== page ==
Are Ocean Plastics Cleanup Efforts Helping—or Hurting? – Mother Jones

An individual in a yellow hard hat and blue shirt with "The Ocean Cleanup" faces a pile of trash on the deck of a ship.

Workers for environmental nonprofit, The Ocean Cleanup. Cover Images/ZUMA

This story was originally published by Slate and is reproduced here as part of the Climate Desk collaboration.

Rebecca Helm despises the phrase “Great Pacific Garbage Patch.”

This moniker is used to describe the vast stretch of ocean from the West Coast of North America to Japan that is crammed with an estimated 1.8 trillion pieces of trash, most of which are plastic.

“I think it’s a really awful practice to name a part of the world after something bad that’s happened to it,” says Helm, a marine biologist at Georgetown University’s Earth Commons Institute.

Moreover, she thinks that this term misleadingly implies that this area is a barren wasteland, when in fact there is a trove of marine life living alongside the floating plastic bottles, dirty fishing nets, and discarded Styrofoam cups. Along with the occasional shark or sea turtle passerby, this region—which is actually called “the North Pacific High”—hosts a unique array of tiny species that live at the sea surface, from electric-blue seadragons to minuscule snails that ride bubbles like rafts across the open ocean.

However, the life teeming in this area poses a complex conundrum for groups trying to clean it up.

Currently, there are a variety of companies and organizations operating devices to extract pollution from the open ocean, including the Ocean Cleanup, a nonprofit that uses a 1.4-mile net-like screen connected to two ships to slowly skim the water’s surface and collect plastic in the North Pacific High.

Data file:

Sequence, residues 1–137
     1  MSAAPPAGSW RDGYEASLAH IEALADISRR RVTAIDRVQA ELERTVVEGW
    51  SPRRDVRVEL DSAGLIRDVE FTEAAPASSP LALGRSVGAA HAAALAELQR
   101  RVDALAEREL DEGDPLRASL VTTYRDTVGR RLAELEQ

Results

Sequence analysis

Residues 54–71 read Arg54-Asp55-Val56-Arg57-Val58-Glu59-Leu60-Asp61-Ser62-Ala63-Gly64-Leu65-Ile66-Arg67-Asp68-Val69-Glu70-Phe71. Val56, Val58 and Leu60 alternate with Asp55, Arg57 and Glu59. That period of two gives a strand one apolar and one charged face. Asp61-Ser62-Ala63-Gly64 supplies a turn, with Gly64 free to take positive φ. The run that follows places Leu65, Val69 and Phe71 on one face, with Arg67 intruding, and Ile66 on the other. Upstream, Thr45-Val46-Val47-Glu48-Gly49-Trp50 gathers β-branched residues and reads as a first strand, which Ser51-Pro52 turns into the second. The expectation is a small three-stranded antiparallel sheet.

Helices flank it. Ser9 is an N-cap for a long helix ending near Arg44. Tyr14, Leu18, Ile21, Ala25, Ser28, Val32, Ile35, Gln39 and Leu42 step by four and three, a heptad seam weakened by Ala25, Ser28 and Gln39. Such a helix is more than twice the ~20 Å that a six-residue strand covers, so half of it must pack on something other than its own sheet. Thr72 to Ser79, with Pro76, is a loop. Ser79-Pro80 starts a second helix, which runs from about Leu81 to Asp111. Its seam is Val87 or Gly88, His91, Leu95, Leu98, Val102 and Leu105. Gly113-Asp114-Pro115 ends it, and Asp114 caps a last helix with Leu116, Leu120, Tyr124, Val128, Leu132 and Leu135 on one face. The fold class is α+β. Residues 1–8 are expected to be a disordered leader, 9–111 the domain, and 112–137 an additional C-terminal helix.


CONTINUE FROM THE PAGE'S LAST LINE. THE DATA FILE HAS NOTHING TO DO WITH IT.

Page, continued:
While removing ocean plastic is important, Helm says, she worries about how this technology is affecting the assemblage of marine life living at the ocean’s surface, which is known collectively as the neuston. She outlined her concerns about the Ocean Cleanup in a 2019 op-ed published by The Atlantic, writing that “we cannot monitor this ecosystem with our current technology, and millions of animals may die and dissolve before the scale of destruction is fully understood.”

The Ocean Cleanup published a response to her piece on their website, rebutting several of her claims. However, several years later, Helm still believes that we don’t understand enough about the environmental impacts of the Ocean Cleanup and other ocean plastic removal technologies on the market—and she isn’t the only one.

This past November, Helm and a group of international marine experts published a commentary outlining the fallacy of these ocean cleanup devices. It came out one week ahead of the latest round of the United Nations plastics negotiations in Nairobi, where more than 175 countries gathered to discuss a global treaty to deal with the plastic problem.

The commentary further highlighted potential risks to biodiversity, mainly from bycatch—the accidental capture of marine life. But the authors also questioned removal technologies’ effectiveness at cleaning up plastic at a meaningful scale. For example, one study suggests that it would take 200 devices from the Ocean Cleanup, running for 130 years, to capture just 5 percent of the world’s floating plastics, which would release a significant amount of carbon emissions.

“If the bathtub is overflowing, you turn off the tap first before you start mopping the floor,” says Melanie Bergmann, a biologist at the Alfred Wegener Institute in Germany and lead author on the commentary. “If you put more and more plastics into the system, it’s a Sisyphean task; you will never be able to clean it all up.”

But the Ocean Cleanup has a different philosophy: “It’s not an either-or,” says Matthias Egger, the head of environmental and social affairs at the Ocean Cleanup. “We see ourselves as a temporary project. You cannot clean up indefinitely if you do not also address the source of the problem, but we need to do both.”